ROLL UP, roll up to have your say on who SHOULDN’T be the next Sunderland manager.
Over the last 10 days, a long line has formed.
Supporters disillusioned by the search for a fourth manager in less than two years have barely caught their breath before declaring who can’t be trusted with the reins.
The reasons against various candidates have spewed forth:
Firm favourite Gus Poyet – a poisonous end to his time at Brighton.
Ex-Manchester United coach Rene Meulensteen – no experience of English management.
Tony Pulis – long balls and long afternoons.
Caretaker boss Kevin Ball – mustn’t tar a club legend, with no front-line managerial experience.
Steve McClaren – don’t be schtupid.
But while the masses have declared an interest over who they don’t want to see in the Stadium of Light dug-out, precious few have expressed a firm view over who they DO want in charge.
Anyone who does dare to put their head above the parapet usually caveats that support with “I would accept him” or “wouldn’t mind if he was given the job”.
There is no obvious contender to take over.
In November 2011, Martin O’Neill swept into town with a tidal wave of goodwill and near unanimous applause for his appointment.
No-one available in the current job market holds such esteem.
It’s a fierce debate for supporters, but even more of a puzzle for Sunderland’s board.
The seeds of a contingency plan for Di Canio’s sacking were beginning to be made at the Stadium of Light, but the club were clearly taken aback by the suddenness of the rebellion against the Italian which forced them to pull the trigger.
Rather than immediately plump for the obviously eager Poyet, Ellis Short has taken the most prudent route available – taking a breath and doing some homework.
Some fans have become twitchy over the last few days at the delay over naming a new head coach, particularly after Sunderland succumbed to yet another defeat last weekend.
But Short is right on the money to take his time, providing the search doesn’t rumble on for several more weeks.
The American can be criticised for sacking O’Neill. He can be criticised for hiring Di Canio.
But he couldn’t rush into what will arguably be the most important appointment of his reign, and he hasn’t.
Sunderland’s board have to weigh up the pros and cons which apply to each candidate, do their homework and come up with a solution which they universally back.
If they decide to appoint someone from outside the club, they have to be in it for the long haul.
The instability of the managerial merry-go-round has prompted this chaotic situation.
Sunderland now need a manager they can stick with for a couple of years – even if the unthinkable happens and they fall into the chasm of the Championship.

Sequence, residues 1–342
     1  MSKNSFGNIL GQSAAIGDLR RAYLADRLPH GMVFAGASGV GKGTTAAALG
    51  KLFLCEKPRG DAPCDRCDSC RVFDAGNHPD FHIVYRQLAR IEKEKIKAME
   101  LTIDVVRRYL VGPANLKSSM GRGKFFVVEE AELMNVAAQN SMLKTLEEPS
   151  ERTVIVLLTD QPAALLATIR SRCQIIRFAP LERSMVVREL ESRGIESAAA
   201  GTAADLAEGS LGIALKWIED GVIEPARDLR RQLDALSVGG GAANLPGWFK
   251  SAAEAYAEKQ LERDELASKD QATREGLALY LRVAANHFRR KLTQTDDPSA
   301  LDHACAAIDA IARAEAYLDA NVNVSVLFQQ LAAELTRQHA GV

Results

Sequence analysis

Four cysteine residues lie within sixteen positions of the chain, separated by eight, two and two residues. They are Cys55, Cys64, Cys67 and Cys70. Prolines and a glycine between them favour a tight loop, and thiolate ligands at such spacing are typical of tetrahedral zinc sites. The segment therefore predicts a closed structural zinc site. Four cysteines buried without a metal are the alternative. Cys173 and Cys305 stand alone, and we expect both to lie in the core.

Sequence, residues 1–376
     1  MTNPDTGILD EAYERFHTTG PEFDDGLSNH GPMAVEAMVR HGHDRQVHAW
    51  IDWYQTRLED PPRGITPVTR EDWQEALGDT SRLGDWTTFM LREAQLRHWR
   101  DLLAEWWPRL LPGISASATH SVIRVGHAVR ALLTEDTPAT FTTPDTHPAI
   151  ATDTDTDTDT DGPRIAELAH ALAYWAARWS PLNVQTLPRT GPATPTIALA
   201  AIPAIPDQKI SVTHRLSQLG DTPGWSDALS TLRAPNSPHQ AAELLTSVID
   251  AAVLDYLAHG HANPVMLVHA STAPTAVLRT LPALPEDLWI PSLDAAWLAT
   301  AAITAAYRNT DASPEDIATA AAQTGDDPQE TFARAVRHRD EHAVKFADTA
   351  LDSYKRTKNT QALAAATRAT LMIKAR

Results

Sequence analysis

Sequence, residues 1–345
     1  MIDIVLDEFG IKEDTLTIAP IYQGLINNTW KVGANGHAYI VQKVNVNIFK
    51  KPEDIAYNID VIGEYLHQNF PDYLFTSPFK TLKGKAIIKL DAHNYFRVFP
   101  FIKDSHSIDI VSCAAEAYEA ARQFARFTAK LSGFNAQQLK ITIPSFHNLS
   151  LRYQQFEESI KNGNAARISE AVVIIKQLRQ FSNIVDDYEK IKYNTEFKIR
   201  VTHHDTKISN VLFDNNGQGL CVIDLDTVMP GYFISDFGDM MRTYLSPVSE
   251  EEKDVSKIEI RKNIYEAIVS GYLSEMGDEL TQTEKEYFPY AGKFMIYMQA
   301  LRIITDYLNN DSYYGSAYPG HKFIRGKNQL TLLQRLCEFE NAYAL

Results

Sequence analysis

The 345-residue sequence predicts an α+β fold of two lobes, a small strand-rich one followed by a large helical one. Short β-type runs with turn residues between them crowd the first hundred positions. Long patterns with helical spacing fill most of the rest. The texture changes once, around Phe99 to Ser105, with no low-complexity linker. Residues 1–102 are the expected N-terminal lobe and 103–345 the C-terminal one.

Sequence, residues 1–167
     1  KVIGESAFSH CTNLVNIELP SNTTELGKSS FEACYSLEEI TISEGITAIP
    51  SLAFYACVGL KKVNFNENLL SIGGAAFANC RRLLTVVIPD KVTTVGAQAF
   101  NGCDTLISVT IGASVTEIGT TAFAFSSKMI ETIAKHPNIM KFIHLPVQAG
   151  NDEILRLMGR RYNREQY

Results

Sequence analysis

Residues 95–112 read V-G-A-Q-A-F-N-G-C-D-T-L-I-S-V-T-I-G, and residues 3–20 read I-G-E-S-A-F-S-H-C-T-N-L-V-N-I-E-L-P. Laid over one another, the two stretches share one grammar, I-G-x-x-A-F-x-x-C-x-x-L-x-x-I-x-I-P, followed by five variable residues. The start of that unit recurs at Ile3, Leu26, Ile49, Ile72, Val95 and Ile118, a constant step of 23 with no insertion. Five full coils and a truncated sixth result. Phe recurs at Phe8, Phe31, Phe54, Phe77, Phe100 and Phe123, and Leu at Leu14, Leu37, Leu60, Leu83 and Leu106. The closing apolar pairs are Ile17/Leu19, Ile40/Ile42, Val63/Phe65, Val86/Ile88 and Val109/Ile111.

That’s what makes it such a vital decision and why it couldn’t be rushed.
There was no point making a knee-jerk appointment either given the nature of the fixture list.
Why throw a new manager into back-to-back games against Liverpool and Manchester United, particularly with an international break to come?
Far better to make Ball the sacrificial lamb and give the former Sunderland skipper an extended job audition with players who have been self-motivated after being freed from Di Canio’s shackles.
It is the long-term motives of those players which is arguably the biggest source of criticism for supporters at the moment.
From Joe Public’s stance, players who had struggled to break clear of the relegation scrap for two years – other than a three-month spell under O’Neill – rebelled against Sgt Major Di Canio for daring to rule over them with an iron fist.
It’s an image which will be hard to shake unless results justify the revolution against the man who promised a revolution.
Noises about the players preferring a British manager and public support for Ball has caused further unease on the terraces.
But it is understood that the views from the dressing room won’t begin to come into Short’s thinking.
If Short wants Poyet, Ball, Pulis or whoever, then that’s who he will appoint.
To silence the doubters though, Sunderland’s players must realise what is on the line.
Should the Black Cats be relegated, they will suffer like everyone else.
Yes, a fortunate two or three will be cherry-picked by those preying on the carcass of a relegated side.
But almost half of the squad are either out of contract next summer or only at Sunderland on loan, and they face uncertain futures.
And of those still remaining, they will face a 40 per cent wage cut if they are plying their trade in the Championship.
Supporters remain wary of “player-power” though, as they do by the manager hunt itself.
The whole club is desperate for some unity and direction to heal this fractious atmosphere.
If the chosen man can manage that, then he will certainly be worth the wait.